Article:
Video or digital gaming has become one of the most prevalent forms of entertainment on the planet with over 2.5 billion players worldwide. The AbleGamers Charity estimates that there are 46.3 million potential players with disabilities in the United States alone, with about 2.1 million being children age 5 to 17. These children are your students and our future. Through gameplay, these players with disabilities may improve their social and mental wellness and feel empowered alongside their nondisabled counterparts.
It’s all in the numbers
As the gaming community continues to grow each year, it is increasingly likely that teachers will have students who are avid players. Current estimates state that 67% of people in the U.S., over 219 million Americans, play video games. According to the Electronic Software Association (ESA), 30% of players in the U.S. or over 65 million players are under the age of 18. With an estimated 3.7 million teachers at the elementary and secondary school level, there is a high likelihood that each educator in the country has not one, but multiple students that see digital gaming as a staple of their entertainment experiences.
Likewise, with over 2 million children with disabilities who play games and the prevalence of children with disabilities at 6.3% of the U.S. population, educators are more than likely to have a student who has a visible (eg. cerebral palsy) or invisible (eg. anxiety) disability.
For students, video games present a number of potential benefits in learning tools that improve their future learning and ultimately their overall development. A recent article in The Journal of Play notes that gaming can be used to sharpen mental faculties relating to cognitive, attitudinal, and perceptual abilities.
For players with disabilities, gameplay isn’t just about being able to play, but also about being able to play the same games as everyone else.
Additionally, games can also help to forge concepts of autonomy, competence, and relatedness which are basic psychological needs that are crucial to healthy self-efficacy and social proficiency. Self-efficacy and social aptitude themselves are both instrumental in overall well-being.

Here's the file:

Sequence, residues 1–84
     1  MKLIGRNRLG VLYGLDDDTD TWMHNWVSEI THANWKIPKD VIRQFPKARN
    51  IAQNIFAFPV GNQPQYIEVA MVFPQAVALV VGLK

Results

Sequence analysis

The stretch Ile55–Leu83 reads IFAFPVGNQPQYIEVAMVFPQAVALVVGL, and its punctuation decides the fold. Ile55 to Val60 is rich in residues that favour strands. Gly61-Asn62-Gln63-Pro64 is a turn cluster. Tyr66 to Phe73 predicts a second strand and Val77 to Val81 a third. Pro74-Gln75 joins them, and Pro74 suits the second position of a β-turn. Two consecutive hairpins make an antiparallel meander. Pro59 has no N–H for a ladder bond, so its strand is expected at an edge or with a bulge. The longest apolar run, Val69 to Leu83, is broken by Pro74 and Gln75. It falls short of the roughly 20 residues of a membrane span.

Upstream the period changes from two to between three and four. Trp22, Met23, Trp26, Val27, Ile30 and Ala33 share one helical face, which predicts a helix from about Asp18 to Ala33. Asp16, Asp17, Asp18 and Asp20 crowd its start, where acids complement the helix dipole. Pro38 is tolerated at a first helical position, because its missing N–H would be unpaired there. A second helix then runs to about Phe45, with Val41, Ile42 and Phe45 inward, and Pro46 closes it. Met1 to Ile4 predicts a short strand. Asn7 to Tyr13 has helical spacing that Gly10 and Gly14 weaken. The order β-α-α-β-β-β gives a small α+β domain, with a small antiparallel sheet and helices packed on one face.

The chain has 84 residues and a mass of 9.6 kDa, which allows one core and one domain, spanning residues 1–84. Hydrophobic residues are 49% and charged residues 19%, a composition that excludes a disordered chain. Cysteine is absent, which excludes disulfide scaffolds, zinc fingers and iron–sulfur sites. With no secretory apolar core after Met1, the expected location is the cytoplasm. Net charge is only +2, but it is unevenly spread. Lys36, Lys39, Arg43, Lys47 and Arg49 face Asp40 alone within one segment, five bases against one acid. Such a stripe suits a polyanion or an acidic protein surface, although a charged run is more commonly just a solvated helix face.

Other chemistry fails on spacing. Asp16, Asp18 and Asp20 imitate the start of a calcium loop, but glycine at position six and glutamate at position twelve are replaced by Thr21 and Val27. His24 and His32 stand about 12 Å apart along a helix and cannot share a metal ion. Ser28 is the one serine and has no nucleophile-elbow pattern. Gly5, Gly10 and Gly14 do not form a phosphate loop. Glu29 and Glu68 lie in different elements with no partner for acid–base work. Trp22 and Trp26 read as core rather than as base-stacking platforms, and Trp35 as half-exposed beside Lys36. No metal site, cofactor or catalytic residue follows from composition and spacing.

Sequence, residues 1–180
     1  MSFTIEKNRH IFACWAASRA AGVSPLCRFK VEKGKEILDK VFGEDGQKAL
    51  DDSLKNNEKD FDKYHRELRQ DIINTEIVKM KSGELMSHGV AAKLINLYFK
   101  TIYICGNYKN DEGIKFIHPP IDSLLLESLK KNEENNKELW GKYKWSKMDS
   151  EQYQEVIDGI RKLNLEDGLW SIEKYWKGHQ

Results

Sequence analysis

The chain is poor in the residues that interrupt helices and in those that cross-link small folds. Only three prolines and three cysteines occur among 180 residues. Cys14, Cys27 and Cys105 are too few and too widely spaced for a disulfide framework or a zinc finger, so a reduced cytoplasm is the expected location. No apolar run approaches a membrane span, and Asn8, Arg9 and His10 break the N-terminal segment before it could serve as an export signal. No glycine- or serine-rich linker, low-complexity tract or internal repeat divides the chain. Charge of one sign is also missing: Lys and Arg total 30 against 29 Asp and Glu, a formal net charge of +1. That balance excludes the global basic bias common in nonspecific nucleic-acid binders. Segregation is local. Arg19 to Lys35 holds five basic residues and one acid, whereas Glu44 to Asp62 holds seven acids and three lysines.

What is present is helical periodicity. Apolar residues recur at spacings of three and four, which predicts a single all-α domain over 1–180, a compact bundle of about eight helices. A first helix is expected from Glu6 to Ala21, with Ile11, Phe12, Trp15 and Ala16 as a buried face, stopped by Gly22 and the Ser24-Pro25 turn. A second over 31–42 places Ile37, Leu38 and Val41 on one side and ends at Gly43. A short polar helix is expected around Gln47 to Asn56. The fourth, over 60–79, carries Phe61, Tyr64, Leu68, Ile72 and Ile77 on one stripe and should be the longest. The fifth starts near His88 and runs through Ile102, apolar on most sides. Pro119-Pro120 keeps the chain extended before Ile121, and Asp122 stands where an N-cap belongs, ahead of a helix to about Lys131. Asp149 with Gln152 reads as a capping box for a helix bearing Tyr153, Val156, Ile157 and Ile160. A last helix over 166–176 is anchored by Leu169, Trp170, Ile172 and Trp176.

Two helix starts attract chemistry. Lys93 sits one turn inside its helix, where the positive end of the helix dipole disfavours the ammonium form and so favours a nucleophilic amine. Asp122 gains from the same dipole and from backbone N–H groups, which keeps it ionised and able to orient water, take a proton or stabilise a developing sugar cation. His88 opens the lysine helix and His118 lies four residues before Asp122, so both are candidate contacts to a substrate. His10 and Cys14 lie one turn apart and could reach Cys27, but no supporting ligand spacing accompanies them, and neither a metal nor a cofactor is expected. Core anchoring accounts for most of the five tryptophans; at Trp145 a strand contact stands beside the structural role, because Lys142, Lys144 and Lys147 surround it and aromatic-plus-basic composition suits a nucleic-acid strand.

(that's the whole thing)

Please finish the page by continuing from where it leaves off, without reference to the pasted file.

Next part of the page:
These benefits of playing video games provide a means through which students can have positive and enriching experiences that can further their learning and growth. For some students with disabilities, these opportunities to experience that growth might otherwise not be available to them if not through gaming.
The importance of accessible player experiences
Through the AbleGamers Player Panels Program, players with disabilities are able to share the impact of gaming in their lives. To understand that impact, the AbleGamers research team asked players “Why is gaming important to you?”
While manuscript for study is still in progress at the time of writing, AbleGamers can share that in addition to powerful themes like connecting with other people and diverting from daily stresses, players said that gaming helped them feel enabled. The importance of this enablement through gameplay was that these players could learn, play, compete, and socialize on an equal playing field as their nondisabled peers.
The theme of enablement is particularly poignant when one considers that the digital arena may be the only place where some of these players can interact with their peers on a level playing field. For a student with a disability that affects their mobility, playing a game involving physicality with peers during recess or physical education may not be a reality.
Read: Reading as an adventure
A student who has a cognitive or neurodiverse disability may struggle with the social components of playground play. While a digital playground may still present barriers that limit access for players with disabilities, the gaming industry’s increasing focus on improving accessibility from both a hardware and software standpoint means that games are increasingly able to be tailored to suit the skillset and more importantly, the personal preferences of the player.
For players with disabilities, gameplay isn’t just about being able to play, but also about being able to play the same games as everyone else. It’s imperative that children with disabilities have their own accessible player experiences so that they can have their own enriching experiences as they grow to become contributing members of our culture and society.
Gregory Haynes is the Lead Games User Researcher at the AbleGamers Charity. He will be discussing this topic at DA’s FETC 2020.